In working with several students wanting to use the Adafruit ItsyBitsy 32U4 board, the board appeared to be bricked. It wasn’t recognized by several computers and the led didn’t blink upon power up. The Adafruit page wasn’t helpful, though it did indicate there was a bootloader available. This page was far more helpful, indicating the board could be reloaded with a bootloader, particularly, the Adafruit version.

32U4 Process (Adafruit ItsyBitsy 3.3V 32U4)

  1. The board I was using was a 3.3V version, so it is important not to connect 5V to the board.
  2. I use a Microchip SNAP programmer, which has a cable with a connector. The pinout of the connector is here as well as the image below:
SNAP pinout, note ISP highlight

SNAP pinout, note ISP highlight

Large Version to see detail

  1. The pinout of the Adafruit ItsyBitsy 32U4 is here as well as below:
Adafruit ItsyBitsy 32U4

Adafruit ItsyBitsy 32U4

Large Version to see detail

  1. Using the images above, we can create a table of pin connections:

    Description SNAP SIL 32U4
    VTG 2 2
    GND 3 14
    MISO 4 13
    SCK 5 11
    RESET 6 1
    MOSI 7 12
  2. Download the Catarina bootloader from the Adafruit link above. It is also available here on Github.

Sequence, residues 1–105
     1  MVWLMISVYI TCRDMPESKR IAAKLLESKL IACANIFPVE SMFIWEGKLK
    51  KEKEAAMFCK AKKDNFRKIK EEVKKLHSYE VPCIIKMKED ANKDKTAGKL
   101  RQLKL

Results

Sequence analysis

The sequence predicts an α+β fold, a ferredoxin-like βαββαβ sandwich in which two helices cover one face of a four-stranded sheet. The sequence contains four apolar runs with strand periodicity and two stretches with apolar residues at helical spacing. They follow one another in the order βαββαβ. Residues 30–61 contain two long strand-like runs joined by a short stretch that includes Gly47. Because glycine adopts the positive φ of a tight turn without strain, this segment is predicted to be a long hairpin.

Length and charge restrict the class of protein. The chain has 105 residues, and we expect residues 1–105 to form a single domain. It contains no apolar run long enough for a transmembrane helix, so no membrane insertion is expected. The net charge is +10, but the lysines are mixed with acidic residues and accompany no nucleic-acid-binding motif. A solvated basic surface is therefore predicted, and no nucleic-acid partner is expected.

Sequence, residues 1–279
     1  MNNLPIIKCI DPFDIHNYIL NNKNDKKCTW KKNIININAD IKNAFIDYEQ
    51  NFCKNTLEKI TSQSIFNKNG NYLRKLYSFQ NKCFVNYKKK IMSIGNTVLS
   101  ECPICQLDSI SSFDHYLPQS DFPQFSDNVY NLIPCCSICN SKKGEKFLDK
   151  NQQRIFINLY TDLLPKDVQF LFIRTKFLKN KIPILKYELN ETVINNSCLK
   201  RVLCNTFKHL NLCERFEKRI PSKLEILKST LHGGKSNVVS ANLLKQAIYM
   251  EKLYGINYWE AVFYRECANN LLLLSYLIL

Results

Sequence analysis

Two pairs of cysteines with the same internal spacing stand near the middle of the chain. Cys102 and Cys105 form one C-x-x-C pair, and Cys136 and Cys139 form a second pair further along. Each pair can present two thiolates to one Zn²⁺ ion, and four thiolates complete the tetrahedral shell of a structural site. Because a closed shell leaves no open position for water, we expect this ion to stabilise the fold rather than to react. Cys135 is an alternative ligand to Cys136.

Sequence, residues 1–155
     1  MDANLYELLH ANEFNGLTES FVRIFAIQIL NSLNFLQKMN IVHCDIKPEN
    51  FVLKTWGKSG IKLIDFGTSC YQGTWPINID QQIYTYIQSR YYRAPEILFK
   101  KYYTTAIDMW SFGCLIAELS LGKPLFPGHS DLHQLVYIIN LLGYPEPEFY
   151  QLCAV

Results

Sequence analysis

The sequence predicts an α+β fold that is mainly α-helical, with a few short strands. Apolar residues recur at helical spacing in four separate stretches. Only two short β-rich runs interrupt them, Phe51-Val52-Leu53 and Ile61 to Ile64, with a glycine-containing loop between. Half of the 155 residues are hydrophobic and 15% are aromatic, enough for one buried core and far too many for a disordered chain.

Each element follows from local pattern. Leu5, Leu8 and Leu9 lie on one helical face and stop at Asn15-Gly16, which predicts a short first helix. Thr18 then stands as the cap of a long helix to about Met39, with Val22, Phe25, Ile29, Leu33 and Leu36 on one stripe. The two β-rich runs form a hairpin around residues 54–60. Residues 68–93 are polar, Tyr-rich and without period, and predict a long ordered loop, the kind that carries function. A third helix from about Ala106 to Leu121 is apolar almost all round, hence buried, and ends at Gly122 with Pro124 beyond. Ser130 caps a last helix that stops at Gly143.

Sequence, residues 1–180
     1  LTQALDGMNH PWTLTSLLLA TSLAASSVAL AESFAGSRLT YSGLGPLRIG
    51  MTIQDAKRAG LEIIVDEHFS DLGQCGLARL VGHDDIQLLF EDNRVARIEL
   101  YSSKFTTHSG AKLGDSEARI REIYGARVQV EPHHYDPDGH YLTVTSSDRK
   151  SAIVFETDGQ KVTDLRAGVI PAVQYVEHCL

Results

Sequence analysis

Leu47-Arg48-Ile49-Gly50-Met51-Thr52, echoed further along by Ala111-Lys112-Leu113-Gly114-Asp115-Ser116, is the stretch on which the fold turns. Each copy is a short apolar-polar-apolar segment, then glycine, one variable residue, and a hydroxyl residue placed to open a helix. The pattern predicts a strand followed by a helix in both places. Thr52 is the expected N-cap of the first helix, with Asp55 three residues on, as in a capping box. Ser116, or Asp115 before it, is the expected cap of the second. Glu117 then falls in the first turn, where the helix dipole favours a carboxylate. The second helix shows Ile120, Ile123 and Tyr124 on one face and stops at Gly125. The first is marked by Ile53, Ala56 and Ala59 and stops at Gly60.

3. Using the helpful instructions from the gist above, I performed the following using avrdude 7.3 in the Terminal:

# check using a terminal command, this will print information on the chip
# its useful to confirm the board connection and everything is working
avrdude -c snap_isp -P usb -b 19200 -p m32u4 -t
# type q to quit
# set the fuses to program the bootloader
avrdude -c snap_isp -P usb -b 19200 -p m32u4 -U lfuse:r:low_fuse_val.hex:h -U hfuse:r:high_fuse_val.hex:h
# Upload bootloader, assuming in same folder as hex program
avrdude -c snap_isp -P usb  -b 19200 -p m32u4 -U flash:w:Caterina_itsybitsy5V.hex

Disconnect all of the cables. I recommend testing by using the Arduino IDE and uploading blink to confirm the bootloader is operational.

Additional Notes on the Bootloaders for the 32U4

There seems to be a little bit of concern as to the Catarina bootloader. There are various references that it can be easily corrupted. Given what happened here, I share this concern. The Catarina bootloader is designed to be used with the Arduino IDE, as it allows uploading software without hardware intervention. As it is designed to be used with the Arduino IDE, I’ll continue to use it, understanding that it might fail occasionally.

There is another bootloader, called DFU for Device Firmware Upgrade, it comes preprogrammed on the 32U4 chips from the factory. It requires a hardware reset in order for the board to enter program mode.

An AI View: Catarina vs DFU

I used Perplexity AI/ChatGPT 4 Turbo to describe the differences and here is what it advised (along with the citations at the end): (The text below describing to differences isn’t quite accurate, however, its a worthwhile comparison. The links at the bottom are of greater value.)